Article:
Disclaimer: The blog posts in this series reflect the views of the interviewees and do not necessarily represent those of the United Nations, including UNDP, or UN Member States; nor those of SCALE Initiative partners such as UNAIDS, USAID, PEPFAR and The Global Fund.
Next month, the SCALE Initiative will be publishing an Evidence Review conducted by UNDP that identifies 14 tactics, strategies and approachesi that have been used to reform or mitigate the impact of punitive and discriminatory laws and policies on access to HIV services for people living with HIV and key populationsii.
Over the next few months, we will be speaking to a number of national key population leaders and representatives from around the world to hear directly from them: what does law reform look like in your community at this moment in time? What methods are you using to make progress, and why? What lessons can we share with peers in other communities and countries?
This week, we are talking with Aniedi Akpan, Chair of the Drug Harm Reduction Advocacy Network (DHRAN) in Nigeria.
The decriminalization of drug use and to end discrimination against key populations, with a focus on people who use drugs.
The experience of stigmatization, discrimination, self-stigma and exclusion on the basis of drug use has influenced my work. Having overcome the stigma due to information I have had the privilege of accessing on drug use and human rights, my work and advocacy is focused on providing information to people who use drugs on their human rights and mobilizing them to advocate for spaces in government and social decision making platforms.
Community mobilization of people who use drugs to advocate to important stakeholders for their right to health and dignity, at both national and sub-national committees and forums. This involves capacity building – and joint capacity building – for stakeholders and people who use drugs in relation to many topics, including human rights for people who use, evidence-based drug prevention, treatment and care and gender-sensitive harm reduction services. Establishing coalition, networks, and alliances through the establishment of the Nigeria Drug User Network (registered as Drug Harm Reduction Advocacy Network Nigeria) to advocate for the rights of people who use drugs. Building the evidence base through research and documentation in the form of community-led monitoring of harm reduction services to gather evidence for advocacy.
It is my belief that discriminatory and punitive laws are propounded, supported and enforced due to lack of information on the issue of drug use and the rights of those who use drugs by government, law enforcement and the public. It is further reinforced when the voices of people who use drugs are not heard. So, providing information to the stakeholders involved in a forum where the perspectives of the people who use drugs can be heard directly by them is the logical approach.
Time and time again the obstacles mostly relate to the dangerous legal and policy environments that we are trying to operate in. Whether it’s issues related to arrest, extortion and discrimination against people who use drugs, arrest of peer workers providing harm reduction services, or the direct seizing of harm reduction equipment and supplies like sterile needles and syringes, these types of actions hold us back.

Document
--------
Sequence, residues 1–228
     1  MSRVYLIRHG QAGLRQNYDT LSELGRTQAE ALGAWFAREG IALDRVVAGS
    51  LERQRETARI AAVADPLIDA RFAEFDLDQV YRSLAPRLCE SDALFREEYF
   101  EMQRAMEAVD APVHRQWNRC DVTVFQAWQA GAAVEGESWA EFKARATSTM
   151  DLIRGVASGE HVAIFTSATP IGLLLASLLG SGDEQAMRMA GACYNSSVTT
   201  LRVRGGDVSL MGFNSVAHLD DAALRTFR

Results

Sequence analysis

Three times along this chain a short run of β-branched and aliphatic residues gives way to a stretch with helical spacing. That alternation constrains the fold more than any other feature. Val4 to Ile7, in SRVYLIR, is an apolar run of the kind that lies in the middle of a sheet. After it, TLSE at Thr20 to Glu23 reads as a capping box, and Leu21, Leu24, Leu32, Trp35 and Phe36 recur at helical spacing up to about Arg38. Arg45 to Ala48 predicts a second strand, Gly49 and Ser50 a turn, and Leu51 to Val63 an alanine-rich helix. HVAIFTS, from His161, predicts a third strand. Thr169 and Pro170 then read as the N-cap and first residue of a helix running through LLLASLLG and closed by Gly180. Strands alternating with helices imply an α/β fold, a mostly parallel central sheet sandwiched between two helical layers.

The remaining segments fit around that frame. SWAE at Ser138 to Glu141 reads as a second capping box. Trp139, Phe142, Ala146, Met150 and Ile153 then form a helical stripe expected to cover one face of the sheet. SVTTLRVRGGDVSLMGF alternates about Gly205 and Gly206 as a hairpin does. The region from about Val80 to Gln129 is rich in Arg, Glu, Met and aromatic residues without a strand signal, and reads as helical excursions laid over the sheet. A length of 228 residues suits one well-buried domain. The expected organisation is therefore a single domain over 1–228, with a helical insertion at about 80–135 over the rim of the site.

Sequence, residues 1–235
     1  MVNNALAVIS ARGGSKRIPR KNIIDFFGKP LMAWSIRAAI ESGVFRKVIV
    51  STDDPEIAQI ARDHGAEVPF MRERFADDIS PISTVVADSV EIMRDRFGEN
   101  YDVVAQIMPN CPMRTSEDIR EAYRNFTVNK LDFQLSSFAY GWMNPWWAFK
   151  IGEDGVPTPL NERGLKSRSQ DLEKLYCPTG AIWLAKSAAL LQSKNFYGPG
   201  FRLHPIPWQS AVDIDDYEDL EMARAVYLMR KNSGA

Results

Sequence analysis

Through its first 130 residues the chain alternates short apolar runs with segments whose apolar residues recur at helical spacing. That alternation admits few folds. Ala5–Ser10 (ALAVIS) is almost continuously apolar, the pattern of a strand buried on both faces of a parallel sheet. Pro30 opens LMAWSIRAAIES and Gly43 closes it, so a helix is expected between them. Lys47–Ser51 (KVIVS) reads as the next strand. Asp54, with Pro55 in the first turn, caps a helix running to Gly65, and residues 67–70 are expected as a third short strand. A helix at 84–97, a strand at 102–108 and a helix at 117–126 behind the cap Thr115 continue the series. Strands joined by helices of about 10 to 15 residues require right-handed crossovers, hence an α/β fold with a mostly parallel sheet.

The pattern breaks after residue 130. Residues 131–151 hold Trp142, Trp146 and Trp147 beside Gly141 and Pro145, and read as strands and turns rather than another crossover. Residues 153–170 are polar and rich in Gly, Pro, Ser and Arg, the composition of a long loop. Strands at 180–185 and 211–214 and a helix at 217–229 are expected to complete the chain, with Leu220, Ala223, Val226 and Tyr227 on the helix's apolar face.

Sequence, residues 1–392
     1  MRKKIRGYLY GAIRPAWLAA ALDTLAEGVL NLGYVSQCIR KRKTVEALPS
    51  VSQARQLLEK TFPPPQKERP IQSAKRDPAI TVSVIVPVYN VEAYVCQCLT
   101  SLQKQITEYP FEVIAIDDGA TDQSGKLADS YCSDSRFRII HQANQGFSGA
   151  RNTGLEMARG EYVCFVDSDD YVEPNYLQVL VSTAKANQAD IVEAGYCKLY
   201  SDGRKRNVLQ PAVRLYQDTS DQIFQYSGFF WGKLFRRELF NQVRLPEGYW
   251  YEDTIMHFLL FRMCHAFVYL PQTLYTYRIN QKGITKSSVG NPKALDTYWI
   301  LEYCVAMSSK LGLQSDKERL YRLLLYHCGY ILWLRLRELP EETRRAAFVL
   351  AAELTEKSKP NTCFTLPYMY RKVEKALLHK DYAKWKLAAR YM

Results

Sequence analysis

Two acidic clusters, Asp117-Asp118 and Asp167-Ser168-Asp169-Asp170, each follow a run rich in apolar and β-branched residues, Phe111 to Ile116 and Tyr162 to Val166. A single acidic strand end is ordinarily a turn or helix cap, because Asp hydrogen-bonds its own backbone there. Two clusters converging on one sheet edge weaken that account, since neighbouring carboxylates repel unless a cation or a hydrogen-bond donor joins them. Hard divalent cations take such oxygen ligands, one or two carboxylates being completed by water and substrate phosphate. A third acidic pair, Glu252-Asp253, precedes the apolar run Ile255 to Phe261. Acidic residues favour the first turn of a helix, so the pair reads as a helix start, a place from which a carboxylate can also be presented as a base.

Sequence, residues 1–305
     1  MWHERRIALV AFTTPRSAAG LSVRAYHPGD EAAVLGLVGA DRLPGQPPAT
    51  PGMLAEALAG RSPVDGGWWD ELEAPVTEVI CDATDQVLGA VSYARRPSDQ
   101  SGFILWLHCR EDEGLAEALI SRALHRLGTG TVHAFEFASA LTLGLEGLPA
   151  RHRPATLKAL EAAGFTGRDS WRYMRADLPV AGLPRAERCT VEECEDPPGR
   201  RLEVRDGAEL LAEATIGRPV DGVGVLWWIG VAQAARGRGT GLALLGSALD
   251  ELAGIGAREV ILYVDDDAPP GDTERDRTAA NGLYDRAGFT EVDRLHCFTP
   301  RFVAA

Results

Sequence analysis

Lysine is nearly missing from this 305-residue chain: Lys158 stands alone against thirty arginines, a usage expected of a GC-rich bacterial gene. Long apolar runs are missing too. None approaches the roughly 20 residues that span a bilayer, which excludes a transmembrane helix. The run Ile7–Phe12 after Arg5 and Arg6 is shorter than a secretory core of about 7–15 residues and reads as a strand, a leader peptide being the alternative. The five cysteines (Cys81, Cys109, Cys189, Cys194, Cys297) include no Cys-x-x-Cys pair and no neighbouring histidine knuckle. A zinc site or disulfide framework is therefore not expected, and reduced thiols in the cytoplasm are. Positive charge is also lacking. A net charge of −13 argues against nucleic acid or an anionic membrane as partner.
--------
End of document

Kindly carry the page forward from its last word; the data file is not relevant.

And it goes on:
With the relationship we have built with Law enforcement, we provide a list of intervention sites where harm reduction services are being provided to law enforcement and in cases where there are raids by other field officers who are not aware, we leverage on our relationship with the hierarchy of Law enforcement to effect release of the beneficiaries or peer workers arrested.
When advocating with government officials think in terms of “What’s in it for me (WIIFM)” on the side of the government. This requires aligning your advocacy points with the objectives of your government. Better still, make sure your asks are backed by evidence.
For more information on the Drug Harm Reduction Advocacy Network, email Info@dhran.ng.
i. The full list of tactics, strategies and approaches as follows: Community mobilization of key populations and people living with HIV; Direct action; Building the evidence base through research and documentation; Legal and policy environment monitoring; Establishing coalition, networks, and alliances; Strategic litigation; Engaging with international and regional processes and bodies; Access to and provision of legal aid services; Key population and/or civil society engagement with decision-makers; Use of information and communication technology; Media-based strategies; Enforcing protective laws; Training and sensitization of duty bearers; Capacity building of rights holders.
ii. UNAIDS considers gay men and other men who have sex with men, sex workers, transgender people, people who inject drugs and prisoners and other incarcerated people as the five main key population groups that are particularly vulnerable to HIV and frequently lack adequate access to services.